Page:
Advocacy Update

Dec. 28, 2017: National Advocacy Update


Last week, both the House and Senate passed H.R. 1, the Tax Cuts and Jobs Act. The bill passed on partisan votes of 51–48 in the Senate and 224–201 in the House. President Donald Trump signed the bill into law on Dec. 22. The bill overhauls the individual, corporate and international components of the existing federal tax code. It includes recommendations highlighted in an AMA letter (PDF) sent to the conferees.

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Specifically, the final bill includes language that would maintain the tax deductibility of high medical expenses, and also lower the percentage of a person's adjusted gross income that qualified medical expenses must exceed—from 10 percent to 7.5 percent for 2017 and 2018—in order to claim the deduction. In addition, the final bill adopted the AMA's recommendation to maintain the deduction for student-loan interest and the exemption from taxation for qualified tuition reductions. Despite the urging of the AMA and many other health care stakeholders, the final bill included language that effectively repeals the individual responsibility provisions of the Affordable Care Act by zeroing out the tax penalty for individuals who fail to maintain health care insurance coverage.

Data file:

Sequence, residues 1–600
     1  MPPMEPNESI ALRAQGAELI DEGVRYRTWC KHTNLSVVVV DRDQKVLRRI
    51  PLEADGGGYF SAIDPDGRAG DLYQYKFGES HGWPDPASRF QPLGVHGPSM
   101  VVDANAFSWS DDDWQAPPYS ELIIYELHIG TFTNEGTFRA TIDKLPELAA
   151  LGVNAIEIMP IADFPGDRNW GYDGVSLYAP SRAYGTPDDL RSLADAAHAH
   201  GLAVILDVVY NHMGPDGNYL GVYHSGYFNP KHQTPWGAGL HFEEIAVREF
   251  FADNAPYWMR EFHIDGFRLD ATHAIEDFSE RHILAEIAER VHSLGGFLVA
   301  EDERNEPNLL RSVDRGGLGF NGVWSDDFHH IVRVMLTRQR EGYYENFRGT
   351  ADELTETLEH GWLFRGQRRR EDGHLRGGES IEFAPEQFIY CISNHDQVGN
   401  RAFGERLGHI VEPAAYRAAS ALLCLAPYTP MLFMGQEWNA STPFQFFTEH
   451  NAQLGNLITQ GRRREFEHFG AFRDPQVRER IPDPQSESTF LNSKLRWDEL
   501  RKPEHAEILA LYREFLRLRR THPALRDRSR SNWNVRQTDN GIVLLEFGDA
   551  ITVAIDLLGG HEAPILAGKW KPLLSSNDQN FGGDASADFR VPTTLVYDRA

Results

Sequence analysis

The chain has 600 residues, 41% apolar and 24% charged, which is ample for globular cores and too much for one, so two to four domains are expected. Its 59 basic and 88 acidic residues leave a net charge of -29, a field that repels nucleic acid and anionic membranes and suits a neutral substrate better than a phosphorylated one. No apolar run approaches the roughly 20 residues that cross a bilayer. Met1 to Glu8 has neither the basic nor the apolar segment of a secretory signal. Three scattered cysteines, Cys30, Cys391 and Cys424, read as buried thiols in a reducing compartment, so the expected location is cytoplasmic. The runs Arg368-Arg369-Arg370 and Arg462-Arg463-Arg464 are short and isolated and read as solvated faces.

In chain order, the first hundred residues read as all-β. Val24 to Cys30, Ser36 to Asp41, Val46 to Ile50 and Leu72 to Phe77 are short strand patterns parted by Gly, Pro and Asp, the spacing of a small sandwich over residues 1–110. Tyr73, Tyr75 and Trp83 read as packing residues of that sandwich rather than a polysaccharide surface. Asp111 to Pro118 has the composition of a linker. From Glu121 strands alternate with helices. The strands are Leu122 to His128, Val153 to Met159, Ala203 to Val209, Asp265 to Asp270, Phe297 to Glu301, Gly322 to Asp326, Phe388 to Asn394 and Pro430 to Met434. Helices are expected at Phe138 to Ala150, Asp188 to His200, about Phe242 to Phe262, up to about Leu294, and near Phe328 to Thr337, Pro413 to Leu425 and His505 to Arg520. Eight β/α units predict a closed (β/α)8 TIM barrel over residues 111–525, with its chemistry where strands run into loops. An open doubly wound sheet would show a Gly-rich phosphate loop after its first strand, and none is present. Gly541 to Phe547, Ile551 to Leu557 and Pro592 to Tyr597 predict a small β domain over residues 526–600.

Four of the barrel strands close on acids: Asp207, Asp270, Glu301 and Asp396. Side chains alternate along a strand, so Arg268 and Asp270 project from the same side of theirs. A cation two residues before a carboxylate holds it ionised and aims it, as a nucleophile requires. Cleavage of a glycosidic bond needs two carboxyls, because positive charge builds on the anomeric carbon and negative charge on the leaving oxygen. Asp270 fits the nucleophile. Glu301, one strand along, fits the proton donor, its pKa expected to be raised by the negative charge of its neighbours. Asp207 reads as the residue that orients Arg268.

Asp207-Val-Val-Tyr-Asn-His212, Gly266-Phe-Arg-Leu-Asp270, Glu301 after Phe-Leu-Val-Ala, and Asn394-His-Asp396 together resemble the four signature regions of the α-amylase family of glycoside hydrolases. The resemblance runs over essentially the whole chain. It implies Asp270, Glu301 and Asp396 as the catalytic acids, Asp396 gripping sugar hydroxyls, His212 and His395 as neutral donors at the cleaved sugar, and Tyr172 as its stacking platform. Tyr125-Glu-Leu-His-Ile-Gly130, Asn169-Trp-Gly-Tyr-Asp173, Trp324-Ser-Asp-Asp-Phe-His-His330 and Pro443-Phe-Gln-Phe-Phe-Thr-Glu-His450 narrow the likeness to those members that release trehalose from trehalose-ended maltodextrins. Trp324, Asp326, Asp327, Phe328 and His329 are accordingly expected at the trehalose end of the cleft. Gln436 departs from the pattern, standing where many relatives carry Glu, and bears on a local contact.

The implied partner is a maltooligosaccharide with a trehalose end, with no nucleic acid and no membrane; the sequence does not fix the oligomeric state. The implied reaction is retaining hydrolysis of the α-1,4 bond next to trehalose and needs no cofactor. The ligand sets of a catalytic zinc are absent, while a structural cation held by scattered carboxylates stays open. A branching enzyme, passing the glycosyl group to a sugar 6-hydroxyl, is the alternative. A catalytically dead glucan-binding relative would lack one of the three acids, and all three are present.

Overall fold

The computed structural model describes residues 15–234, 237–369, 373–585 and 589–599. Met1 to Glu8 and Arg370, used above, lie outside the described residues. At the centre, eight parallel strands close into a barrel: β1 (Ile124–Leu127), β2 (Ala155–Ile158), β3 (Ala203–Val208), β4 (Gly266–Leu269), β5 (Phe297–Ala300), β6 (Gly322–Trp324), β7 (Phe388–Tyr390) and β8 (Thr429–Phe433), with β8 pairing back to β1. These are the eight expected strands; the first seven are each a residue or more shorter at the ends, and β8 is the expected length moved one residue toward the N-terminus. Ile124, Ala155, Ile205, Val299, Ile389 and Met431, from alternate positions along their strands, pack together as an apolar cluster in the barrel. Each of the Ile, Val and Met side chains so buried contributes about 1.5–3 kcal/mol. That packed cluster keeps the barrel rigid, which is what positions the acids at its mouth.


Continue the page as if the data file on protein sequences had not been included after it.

As lawmakers raced for the exits at the conclusion of the first session of the 115th Congress last week, many important health care-related issues remained on the to-do list. Prior to adjourning, Congress passed yet another temporary funding bill to keep the government operating, this time until Jan. 19. Also included in that legislation were provisions for a three-month extension of the Children's Health Insurance Program (CHIP) as well as short-term funding for Community Health Centers, the National Health Service Corps and Teaching Health Centers GME, offset in part by a $750 million reduction to the Prevention and Public Health Fund.